Wednesday, November 14, 2012

Seceding or joining the union 2012 election

Puerto Rico is the only place that actually took a vote and it voted for statehood.

There's been talk of petitions in some red states about seceding from the union after Obama's victory in the November 6th election, but the only place that actually took a vote on statehood was Puerto Rico. Voted in favor of joining statehood during the November 6th election. I think the union of USA is pretty safe if it were to actually come to a vote rather than just a few people signing petitions. Even in the so called "red states."

As for divisiveness in this country, urban versus rural may be more of a fracture point than red states versus blue states. Here in Whatcom County, the 42nd legislative district sent two Republicans to the state legislature November 6th. The 42 district is largely the rural part of Whatcom County north of Bellingham. Democrats were elected in the 40th district which is mostly in urban Bellingham and extends down into Skagit County.

The divide between 40th and 42nd legislative districts was real distinct in 2012 election. It was a race between Democrat Jeff Morris and Green Party candidate Howard Pellett in the 40th district. No Republican made it past the primary in Washington State's "top two" primary for that position. Jeff Morris won in the general election.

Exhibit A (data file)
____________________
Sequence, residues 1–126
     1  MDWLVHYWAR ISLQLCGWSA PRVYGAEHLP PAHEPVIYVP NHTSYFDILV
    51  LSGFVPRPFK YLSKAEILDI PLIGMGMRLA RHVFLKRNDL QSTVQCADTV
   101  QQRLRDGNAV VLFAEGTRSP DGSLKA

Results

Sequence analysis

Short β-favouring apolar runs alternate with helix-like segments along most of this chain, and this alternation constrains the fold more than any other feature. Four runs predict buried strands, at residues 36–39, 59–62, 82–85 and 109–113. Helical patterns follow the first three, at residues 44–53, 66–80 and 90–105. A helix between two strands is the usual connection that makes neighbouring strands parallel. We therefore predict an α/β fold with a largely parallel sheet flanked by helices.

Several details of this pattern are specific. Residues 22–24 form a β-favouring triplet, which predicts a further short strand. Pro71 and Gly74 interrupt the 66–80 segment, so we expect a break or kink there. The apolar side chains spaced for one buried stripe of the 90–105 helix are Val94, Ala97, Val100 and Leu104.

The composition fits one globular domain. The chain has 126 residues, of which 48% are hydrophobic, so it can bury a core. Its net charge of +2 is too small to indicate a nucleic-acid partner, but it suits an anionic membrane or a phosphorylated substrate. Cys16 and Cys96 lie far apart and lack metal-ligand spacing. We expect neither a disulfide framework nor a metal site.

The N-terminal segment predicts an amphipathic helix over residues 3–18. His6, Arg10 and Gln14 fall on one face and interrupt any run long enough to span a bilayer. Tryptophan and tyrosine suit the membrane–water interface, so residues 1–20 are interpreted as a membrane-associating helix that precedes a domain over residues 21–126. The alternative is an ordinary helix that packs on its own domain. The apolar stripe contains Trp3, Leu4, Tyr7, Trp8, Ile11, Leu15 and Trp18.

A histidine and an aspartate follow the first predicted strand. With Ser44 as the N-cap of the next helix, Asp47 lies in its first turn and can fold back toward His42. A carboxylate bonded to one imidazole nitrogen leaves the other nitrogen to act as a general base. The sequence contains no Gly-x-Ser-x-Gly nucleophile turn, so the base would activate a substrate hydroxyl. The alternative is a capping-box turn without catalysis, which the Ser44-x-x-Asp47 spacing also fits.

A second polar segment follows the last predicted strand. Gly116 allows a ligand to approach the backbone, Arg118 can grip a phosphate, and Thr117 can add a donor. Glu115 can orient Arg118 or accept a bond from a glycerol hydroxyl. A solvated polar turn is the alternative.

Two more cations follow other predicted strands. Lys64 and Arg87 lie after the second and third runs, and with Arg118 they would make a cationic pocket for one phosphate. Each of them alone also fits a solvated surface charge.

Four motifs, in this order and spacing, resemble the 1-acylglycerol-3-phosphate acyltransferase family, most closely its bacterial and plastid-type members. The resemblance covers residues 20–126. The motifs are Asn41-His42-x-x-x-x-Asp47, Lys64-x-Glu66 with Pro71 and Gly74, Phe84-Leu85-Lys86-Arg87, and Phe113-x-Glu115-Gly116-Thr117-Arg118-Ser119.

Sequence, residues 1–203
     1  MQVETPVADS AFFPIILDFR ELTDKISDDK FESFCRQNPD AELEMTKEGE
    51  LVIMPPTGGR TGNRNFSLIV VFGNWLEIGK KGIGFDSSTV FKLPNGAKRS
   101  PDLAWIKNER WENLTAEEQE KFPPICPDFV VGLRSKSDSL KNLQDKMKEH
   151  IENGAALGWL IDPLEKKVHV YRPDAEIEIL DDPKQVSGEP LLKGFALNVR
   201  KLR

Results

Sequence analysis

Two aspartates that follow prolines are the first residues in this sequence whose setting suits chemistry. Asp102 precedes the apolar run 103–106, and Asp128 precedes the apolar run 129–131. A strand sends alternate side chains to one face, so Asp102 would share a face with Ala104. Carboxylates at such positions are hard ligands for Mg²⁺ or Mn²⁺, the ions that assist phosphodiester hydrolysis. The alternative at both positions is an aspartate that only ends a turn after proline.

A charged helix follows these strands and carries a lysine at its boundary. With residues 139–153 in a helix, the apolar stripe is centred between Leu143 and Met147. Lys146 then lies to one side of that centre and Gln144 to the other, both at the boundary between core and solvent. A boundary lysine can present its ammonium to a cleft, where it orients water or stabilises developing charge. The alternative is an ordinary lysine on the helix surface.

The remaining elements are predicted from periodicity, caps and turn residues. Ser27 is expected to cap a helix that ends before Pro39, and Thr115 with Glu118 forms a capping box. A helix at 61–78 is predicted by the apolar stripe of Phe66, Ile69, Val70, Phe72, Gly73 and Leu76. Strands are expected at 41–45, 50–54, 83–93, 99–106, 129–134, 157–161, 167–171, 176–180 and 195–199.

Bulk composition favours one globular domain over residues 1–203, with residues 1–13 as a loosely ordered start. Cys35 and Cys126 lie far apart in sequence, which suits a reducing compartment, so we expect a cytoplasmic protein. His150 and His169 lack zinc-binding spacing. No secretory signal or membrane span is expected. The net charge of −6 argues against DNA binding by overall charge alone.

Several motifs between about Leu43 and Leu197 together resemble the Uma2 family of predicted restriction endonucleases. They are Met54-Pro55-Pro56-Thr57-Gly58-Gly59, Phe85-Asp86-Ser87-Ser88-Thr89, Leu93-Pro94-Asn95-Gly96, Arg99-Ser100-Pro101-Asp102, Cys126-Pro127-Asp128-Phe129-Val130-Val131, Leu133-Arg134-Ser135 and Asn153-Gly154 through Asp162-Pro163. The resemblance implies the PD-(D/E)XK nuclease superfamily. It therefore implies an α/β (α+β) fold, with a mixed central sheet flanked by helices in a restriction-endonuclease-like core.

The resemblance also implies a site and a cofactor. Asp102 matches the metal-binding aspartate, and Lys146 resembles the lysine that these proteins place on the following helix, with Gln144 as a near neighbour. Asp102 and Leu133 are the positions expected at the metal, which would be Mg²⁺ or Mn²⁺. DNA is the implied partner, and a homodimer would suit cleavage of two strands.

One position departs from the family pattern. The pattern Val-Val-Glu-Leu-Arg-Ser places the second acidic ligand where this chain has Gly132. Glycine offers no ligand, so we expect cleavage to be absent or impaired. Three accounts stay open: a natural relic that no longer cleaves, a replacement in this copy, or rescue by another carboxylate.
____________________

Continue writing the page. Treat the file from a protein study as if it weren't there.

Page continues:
Several years ago, there were actually two secessionist movements in Whatcom County. Both in areas north of Bellingham. One was called Pioneer County while the other was called Independence County (If I remember correctly). Now these are just memories.

I got to thinking, if more liberal Bellingham and areas south were to also secede, the county courthouse might be the only thing left in Whatcom County. The courthouse grounds could be renamed "Scapegoat County." since everyone can blame their problems on being in Whatcom County. After secession, people might discover that they still have their problems, however.

1 comment:

Robert said...

Part of the reason for the county secessionist movement that took place back in the 1990s was the way Washington State's growth management law was written. The law which attempts to curb sprawl by concentrating development into already urbanizing areas only applied to counties that had less than 50,000 people. If our county was split into more than one county, the break away parts would have had less than 50,000 people in them. That could be a way for land owners to get out of having to comply with provisions of the state growth management laws as they were written at the time (as I remember at least).